Celebrating Karwa Chauth, History Behind The Reason


Kolkata: Pretty much sure that you’re looking forward to dressing up and being part of the celebrations on Sunday for your much awaited day – Karwa Chauth. Definitely your husband has cancelled a couple of meetings or put off some work so that you can be fed water by him as soon as the moon rises, thus breaking your day-long fast.

There are a number of fasts Hindu women keep to sustain the long lives of their loved ones. Karwa Chauth, predominantly celebrated by North Indians, is such a fast. This year, Karwa Chauth will be celebrated on October 8, 2017.

Married women starve all day and do a puja to ensure that the gods bless their suhaag with a long life. The vrat or fast that women keep on Karva Chauth is quite rigorous–not even a drop of water is allowed from dawn to the moment when the moon shows itself in the night sky.

Karwa Chauth is also called as the Karak Chaturthi. Karwa or Karak means an earthen pot using which a woman gives Arghya(offering) to the moon. Karwa Chauth falls during the Krishna Paksha Chaturthi in the month of Kartik as per the Hindu calendar. The festival is mainly celebrated by women from northern part of India.Karwa Chauth is celebrated by married women during which they observe a nirjala vrat (fast without food and water) for the whole day until they sight the moon. They pray for the safety and longevity of their husbands lives by observing this fast. Women also gather together and listen to old folklores and tales associated with the auspicious fast. Women observing Karva Chauth break the fast only after offering prayers to the moon. Women offer water to the moon as a part of their prayer by holding an Atta Chani in another hand.

As women all over the country starve themselves for their husband’s long life, here’s the legend that supposedly started it all. We’re sure you’ve heard bits and pieces (or even slightly different versions) of the story we’re about to tell you, but it’s essential to know the tale behind the traditions we so love to follow.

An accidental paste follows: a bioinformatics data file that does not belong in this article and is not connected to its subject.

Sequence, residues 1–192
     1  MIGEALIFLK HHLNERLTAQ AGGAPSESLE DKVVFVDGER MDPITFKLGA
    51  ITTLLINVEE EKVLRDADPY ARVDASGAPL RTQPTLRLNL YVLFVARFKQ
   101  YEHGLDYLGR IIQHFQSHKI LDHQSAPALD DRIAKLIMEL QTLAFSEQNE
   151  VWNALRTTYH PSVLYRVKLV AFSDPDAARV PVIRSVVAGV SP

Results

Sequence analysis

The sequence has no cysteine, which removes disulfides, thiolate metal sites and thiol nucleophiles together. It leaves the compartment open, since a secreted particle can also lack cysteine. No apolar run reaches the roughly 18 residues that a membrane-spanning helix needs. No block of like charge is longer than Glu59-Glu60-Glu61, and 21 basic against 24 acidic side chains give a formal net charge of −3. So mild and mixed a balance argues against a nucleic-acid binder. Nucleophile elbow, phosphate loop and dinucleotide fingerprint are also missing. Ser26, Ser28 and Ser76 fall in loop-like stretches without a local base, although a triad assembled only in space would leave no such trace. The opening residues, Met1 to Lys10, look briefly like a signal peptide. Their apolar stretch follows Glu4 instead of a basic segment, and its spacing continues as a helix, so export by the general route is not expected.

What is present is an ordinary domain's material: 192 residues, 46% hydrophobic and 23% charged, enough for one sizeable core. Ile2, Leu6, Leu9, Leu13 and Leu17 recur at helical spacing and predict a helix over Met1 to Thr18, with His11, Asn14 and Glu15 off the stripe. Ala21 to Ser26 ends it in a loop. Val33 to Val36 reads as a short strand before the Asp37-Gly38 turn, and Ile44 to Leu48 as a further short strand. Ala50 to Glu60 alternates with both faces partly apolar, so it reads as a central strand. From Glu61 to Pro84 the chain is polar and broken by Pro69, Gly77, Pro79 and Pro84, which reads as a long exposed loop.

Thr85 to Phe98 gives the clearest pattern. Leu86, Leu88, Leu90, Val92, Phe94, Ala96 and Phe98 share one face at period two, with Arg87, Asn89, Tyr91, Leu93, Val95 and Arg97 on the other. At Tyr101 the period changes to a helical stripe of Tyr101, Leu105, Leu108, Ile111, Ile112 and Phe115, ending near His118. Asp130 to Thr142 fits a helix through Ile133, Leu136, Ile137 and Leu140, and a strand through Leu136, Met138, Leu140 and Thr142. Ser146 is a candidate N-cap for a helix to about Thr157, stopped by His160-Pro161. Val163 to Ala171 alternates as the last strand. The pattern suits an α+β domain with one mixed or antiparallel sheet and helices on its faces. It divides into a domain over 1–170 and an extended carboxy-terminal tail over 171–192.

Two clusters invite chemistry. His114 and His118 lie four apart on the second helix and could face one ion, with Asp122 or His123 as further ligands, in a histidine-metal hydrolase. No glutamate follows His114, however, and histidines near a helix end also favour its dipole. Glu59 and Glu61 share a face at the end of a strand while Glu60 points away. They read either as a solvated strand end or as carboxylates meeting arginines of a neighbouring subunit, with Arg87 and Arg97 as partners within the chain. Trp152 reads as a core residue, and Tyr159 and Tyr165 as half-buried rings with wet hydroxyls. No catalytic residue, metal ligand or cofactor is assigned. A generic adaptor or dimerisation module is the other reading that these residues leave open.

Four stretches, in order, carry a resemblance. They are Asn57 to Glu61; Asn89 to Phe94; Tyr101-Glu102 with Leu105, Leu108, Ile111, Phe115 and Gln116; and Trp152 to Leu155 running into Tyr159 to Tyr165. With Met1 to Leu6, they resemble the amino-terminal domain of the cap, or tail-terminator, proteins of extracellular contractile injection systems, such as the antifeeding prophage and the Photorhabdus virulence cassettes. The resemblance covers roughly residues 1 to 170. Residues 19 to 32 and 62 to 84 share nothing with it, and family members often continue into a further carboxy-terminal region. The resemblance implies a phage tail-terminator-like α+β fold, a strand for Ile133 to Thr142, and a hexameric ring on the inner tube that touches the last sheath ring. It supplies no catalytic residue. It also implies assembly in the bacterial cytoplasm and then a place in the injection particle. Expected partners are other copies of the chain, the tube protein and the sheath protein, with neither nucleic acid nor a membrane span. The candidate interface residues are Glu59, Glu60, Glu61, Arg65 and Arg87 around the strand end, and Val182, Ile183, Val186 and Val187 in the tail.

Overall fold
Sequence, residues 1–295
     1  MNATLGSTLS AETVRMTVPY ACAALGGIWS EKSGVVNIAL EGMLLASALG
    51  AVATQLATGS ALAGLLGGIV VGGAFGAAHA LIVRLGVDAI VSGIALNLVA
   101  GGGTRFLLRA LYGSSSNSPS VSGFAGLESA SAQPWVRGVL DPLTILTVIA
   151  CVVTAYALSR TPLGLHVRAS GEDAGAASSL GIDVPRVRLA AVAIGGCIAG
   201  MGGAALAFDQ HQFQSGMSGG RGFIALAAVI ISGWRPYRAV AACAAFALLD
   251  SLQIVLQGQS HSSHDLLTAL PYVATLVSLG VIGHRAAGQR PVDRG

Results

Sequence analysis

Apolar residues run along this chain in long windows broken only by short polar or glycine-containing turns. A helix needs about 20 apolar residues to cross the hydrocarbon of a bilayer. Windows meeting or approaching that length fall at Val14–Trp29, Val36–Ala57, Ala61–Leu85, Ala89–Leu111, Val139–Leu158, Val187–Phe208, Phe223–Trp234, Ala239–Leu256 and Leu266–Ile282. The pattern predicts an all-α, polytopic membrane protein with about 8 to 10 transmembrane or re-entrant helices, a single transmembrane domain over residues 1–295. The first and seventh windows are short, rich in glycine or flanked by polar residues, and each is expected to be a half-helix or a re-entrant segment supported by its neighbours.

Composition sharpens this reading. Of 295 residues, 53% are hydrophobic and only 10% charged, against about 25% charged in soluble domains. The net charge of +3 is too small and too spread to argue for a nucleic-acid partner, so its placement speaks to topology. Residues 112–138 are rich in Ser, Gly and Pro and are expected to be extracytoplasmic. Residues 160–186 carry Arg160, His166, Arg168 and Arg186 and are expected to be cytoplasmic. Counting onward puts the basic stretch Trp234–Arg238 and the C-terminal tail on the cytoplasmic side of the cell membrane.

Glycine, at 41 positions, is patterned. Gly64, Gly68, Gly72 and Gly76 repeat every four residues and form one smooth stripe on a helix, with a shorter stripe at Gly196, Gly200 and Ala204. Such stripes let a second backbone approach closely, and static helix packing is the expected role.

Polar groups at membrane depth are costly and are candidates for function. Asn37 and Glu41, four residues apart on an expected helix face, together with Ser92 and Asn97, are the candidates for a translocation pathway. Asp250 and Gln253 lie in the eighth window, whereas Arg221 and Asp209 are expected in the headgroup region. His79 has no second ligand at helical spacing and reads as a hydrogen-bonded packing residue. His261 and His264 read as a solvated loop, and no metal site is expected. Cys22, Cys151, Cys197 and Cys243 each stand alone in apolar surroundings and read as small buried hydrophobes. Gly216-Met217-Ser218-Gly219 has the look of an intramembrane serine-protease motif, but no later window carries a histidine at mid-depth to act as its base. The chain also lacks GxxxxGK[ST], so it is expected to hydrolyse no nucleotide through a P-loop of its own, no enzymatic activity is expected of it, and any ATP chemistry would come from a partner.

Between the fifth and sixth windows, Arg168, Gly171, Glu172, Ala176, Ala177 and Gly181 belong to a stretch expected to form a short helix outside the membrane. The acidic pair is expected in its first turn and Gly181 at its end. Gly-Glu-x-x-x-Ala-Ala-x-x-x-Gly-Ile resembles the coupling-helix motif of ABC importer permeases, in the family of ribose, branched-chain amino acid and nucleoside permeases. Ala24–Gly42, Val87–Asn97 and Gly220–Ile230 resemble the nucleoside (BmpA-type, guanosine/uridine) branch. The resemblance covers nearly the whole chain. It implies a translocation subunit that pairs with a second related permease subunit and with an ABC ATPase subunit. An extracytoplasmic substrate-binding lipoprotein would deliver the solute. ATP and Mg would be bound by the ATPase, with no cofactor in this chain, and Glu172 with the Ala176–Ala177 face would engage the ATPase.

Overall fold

So, according to Wikipedia, legend has it that there lived a beautiful queen named Veervati, who was the only sister of seven loving brothers. She spent her first Karva Chauth as a married woman at her parents’ house. She began a strict fast after sunrise but, by evening, was desperately waiting for the moon to rise, because she couldn’t put up with the thirst and hunger any longer. Her brothers couldn’t bear to see their sister in distress, and thus placed a round mirror in a Pipal tree, which made it look like the moon had risen.

Now, there are different version to how the false moon was created by the brothers. Some stories also state that the brothers build a massive fire behind a mountain and tricked their sister by convincing her that the glow (emitting from the fire) was that of the moon.
So, Veervarti fell for her brothers’ tricks and broke her fast. The moment she ate, word arrived that her husband, the king, was dead.

Women in Northern India, especially in the states of Uttar Pradesh, Rajasthan, Himachal Pradesh, Haryana and Punjab observe dusk to dawn Karva Chauth fast for their husbands.  According to the rituals and traditions, the mother-in-law presents a thali of sweetmeats and savouries to her daughter-in-law only to bless her for the completion of the fast. A Sargi ideally consists of mithai, matthri, dry fruits, coconut and some gifts like sarees, jewellery and others.